Sunday, April 11, 2010

rags to rags, riches to riches

I've been meaning to write about this for a while, but haven't got round to it until now.

Last month The Guardian reported the finding of an OECD study that the UK has the worst social mobility of the dozen OECD countries for which data was available.

In economics, the basic measure of social mobility is how much someone's income is determined by the income of their parents, after controlling for certain variables. That's certainly not a perfect measure - for example it misses changes in income within people's lives - but it's hard enough to measure as it is. The OECD report also looks at the education, and its relationships with income.

This graph shows how much the income of parents determines the income of their children. The higher the score, the less social mobility there is. In crude terms, the rich stay rich, the poor stay poor. Most people wouldn't need persuading this is a bad thing. The UK is alongside Italy and the US in the difficulty poor children face getting richer, and the ease with which rich children stay rich. (Technically speaking, because of the limited accuracy of the measurements, we probably can't assert any real distinction between them.)

There are a few things I'd like to know more about. First is the influence of intra-generational inequality. The report does talk about this, and I think finds that inequality reduces mobility, but I didn't read it closely enough to understand exactly how, or how they accounted for this. Second, what is the effect of immigration? Migrant status is factored in in some way, but there's no discussion of how it might affect the findings. It may be of note that countries like the US and France have relatively high levels of immigration, Austria and Norway low. Thirdly, how does the size and heterogeneity of the US affect its figures? Eg. do people in poor states stay where they are, rather than making the (comparatively) distant move to a richer state to earn more money?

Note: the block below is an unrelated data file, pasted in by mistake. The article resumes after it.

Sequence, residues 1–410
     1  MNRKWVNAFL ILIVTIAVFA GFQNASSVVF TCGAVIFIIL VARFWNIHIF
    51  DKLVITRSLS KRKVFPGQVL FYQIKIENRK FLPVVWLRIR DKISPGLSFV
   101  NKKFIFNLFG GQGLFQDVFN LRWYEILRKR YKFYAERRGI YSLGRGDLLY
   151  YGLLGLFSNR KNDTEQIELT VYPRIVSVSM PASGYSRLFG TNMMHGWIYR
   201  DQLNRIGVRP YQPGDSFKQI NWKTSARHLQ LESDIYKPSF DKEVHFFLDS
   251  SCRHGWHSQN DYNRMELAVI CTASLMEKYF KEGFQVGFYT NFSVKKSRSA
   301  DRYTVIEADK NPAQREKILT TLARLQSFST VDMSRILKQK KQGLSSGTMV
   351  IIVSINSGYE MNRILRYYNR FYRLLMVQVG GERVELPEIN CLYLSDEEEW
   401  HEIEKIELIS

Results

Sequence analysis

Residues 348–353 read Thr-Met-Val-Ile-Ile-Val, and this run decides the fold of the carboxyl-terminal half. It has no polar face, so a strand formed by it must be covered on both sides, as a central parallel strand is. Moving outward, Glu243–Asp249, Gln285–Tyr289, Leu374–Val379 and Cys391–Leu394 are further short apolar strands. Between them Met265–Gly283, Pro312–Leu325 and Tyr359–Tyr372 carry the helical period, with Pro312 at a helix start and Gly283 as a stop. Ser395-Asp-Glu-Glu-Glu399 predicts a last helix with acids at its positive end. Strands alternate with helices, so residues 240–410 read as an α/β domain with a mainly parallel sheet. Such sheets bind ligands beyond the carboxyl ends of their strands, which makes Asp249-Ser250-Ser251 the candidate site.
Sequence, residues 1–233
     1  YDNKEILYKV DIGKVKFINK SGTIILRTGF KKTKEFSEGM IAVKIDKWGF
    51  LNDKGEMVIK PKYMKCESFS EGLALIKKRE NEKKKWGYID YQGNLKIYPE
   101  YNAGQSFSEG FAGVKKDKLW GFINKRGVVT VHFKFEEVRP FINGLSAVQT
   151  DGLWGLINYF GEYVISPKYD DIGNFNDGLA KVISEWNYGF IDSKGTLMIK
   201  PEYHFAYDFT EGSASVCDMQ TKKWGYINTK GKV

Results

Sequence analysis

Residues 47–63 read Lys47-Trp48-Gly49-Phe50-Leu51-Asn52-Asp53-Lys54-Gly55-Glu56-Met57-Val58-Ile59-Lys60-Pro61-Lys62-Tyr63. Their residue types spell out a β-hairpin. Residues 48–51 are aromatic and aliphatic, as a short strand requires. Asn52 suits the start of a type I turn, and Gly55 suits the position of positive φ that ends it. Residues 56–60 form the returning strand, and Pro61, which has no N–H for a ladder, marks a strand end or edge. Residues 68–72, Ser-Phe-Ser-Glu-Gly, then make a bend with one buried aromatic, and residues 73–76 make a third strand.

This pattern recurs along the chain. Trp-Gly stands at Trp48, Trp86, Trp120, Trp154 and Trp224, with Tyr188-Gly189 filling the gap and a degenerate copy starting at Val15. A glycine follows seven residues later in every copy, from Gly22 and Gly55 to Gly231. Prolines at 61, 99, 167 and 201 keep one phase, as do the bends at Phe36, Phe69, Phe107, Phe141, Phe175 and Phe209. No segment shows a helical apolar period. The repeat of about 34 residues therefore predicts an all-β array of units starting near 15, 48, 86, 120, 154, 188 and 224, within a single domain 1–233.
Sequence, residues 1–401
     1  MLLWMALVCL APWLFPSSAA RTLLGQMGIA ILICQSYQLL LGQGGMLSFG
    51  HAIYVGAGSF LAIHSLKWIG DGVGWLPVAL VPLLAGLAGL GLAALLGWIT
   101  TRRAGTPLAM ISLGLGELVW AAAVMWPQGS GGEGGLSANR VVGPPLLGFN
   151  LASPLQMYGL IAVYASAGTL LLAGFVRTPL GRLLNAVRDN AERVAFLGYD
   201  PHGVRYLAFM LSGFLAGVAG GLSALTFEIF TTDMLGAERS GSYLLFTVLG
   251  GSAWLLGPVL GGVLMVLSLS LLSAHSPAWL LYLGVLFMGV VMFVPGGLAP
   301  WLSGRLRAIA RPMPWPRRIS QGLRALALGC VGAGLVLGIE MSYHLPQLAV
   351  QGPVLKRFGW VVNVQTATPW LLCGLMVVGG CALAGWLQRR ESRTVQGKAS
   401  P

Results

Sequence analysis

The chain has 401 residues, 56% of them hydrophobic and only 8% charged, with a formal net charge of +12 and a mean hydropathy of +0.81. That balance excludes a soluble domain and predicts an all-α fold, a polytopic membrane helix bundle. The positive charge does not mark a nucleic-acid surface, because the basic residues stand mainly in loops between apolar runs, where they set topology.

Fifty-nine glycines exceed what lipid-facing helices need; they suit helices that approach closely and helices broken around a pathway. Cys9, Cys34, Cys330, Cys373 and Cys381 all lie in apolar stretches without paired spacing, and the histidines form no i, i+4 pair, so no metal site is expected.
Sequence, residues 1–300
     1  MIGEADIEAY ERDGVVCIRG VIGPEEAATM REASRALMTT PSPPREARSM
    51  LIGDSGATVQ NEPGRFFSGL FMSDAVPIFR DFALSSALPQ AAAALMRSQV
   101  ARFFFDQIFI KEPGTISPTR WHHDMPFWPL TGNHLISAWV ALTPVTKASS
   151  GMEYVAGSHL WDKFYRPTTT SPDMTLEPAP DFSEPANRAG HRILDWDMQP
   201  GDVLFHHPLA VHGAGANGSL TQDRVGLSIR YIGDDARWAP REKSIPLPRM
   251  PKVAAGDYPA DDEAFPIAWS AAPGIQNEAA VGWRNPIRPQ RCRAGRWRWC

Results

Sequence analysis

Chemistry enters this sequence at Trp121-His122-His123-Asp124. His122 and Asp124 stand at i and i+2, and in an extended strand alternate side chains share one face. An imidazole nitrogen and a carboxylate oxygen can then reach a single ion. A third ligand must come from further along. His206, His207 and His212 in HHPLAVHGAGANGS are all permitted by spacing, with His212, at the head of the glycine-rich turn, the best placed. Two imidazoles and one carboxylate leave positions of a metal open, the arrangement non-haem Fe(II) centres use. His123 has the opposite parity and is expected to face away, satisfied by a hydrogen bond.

Those provisos aside, what struck me about this report was the same as other international studies of social mobility I've seen. It's a conventional view that the US is a land where anyone can make it big, that it is full of rags to riches (and riches to rags) stories, and more socially fluid than Europe. The actual evidence suggests otherwise. If you're born into a poor family in the US you're more than twice as likely to stay poor than someone in Denmark, or Canada. If you're born into a rich family, you're more likely to stay rich.

I'd like to have some useful insights for the UK, but unfortunately I don't. The report finds certain educational policies, plus redistributive and income support policies to strongly enhance mobility. If you're interested, have a skim of it yourself.

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